SALT LAKE CITY — While the spending does not add up to the $100 million Utah Gov. Gary Herbert requested, millions in one-time money will flow toward air pollution busting strategies along the Wasatch Front — nearly $29 million.

Lawmakers directed money toward a wood stove exchange program, electric vehicle charging stations for both government workers and the public, and a teleworking program.

On days when the air is starting to fill with pollutants, there will be a pool of money in a pilot program to encourage motorists to abandon their vehicles and ride transit.

In addition, the state’s fleet of pre-2007 vehicles, a large percentage of which are snowplows, will be retired from the Wasatch Front and replaced.

“If you look at this holistically, $29 million is a lot of money,” said Thom Carter, executive director of UCAIR. “It is a big increase over the past.”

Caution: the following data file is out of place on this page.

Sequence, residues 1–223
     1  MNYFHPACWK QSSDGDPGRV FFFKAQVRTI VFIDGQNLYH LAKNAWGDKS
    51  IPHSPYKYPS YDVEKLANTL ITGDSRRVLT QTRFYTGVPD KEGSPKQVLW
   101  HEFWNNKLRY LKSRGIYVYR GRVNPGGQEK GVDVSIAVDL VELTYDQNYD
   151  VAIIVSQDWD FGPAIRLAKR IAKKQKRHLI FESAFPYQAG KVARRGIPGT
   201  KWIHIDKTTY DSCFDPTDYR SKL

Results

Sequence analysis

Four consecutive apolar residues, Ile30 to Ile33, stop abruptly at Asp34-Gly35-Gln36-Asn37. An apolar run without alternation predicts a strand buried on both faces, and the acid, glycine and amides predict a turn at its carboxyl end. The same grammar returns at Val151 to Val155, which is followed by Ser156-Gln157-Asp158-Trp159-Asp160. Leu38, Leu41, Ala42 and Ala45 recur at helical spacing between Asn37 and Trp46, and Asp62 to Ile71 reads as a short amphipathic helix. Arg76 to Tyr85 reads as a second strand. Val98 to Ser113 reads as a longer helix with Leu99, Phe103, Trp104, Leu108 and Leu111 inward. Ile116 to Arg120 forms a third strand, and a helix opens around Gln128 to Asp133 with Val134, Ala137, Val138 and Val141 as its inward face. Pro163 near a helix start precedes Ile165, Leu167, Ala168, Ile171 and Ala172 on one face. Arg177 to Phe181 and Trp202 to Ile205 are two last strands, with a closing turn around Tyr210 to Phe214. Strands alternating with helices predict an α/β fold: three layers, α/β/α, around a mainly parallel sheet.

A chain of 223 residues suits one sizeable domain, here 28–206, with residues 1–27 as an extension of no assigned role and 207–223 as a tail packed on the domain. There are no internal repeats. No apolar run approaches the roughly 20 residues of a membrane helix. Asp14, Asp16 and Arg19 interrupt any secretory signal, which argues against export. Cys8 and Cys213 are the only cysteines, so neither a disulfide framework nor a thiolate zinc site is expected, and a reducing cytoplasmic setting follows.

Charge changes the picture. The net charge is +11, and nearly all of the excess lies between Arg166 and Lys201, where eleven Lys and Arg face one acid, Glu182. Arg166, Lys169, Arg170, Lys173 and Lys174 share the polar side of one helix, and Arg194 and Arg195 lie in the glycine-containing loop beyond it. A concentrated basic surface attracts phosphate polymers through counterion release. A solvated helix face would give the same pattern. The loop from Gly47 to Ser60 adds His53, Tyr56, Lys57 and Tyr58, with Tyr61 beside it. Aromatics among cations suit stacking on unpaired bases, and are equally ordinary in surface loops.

The wood stove exchange program, which Carter said is extremely popular with the public, will have a direct impact on cutting harmful pollutants during the winter.

“The state has empowered people to make better choices,” Carter said.

Utah lawmakers, however, endured the glare of negative publicity for their passage of a bill critics say will make it easier for the storage of depleted uranium at EnergySolutions’ Clive facility in Tooele County.

Depleted uranium, while classified as low-level radioactive waste at disposal, becomes more radioactive over time. It is derived from the uranium enrichment process and used in medical and military applications because of its density.

Under the measure, the material cannot be stored in Utah unless the U.S. Department of Energy says it will assume site responsibility in perpetuity and EnergySolutions completes a site specific performance assessment that receives the approval of the radiation control director.

Herbert has indicated he’s not likely to veto the measure.

Lawmakers also took up multiple bills dealing with …read more

Source:: Deseret News – Utah News


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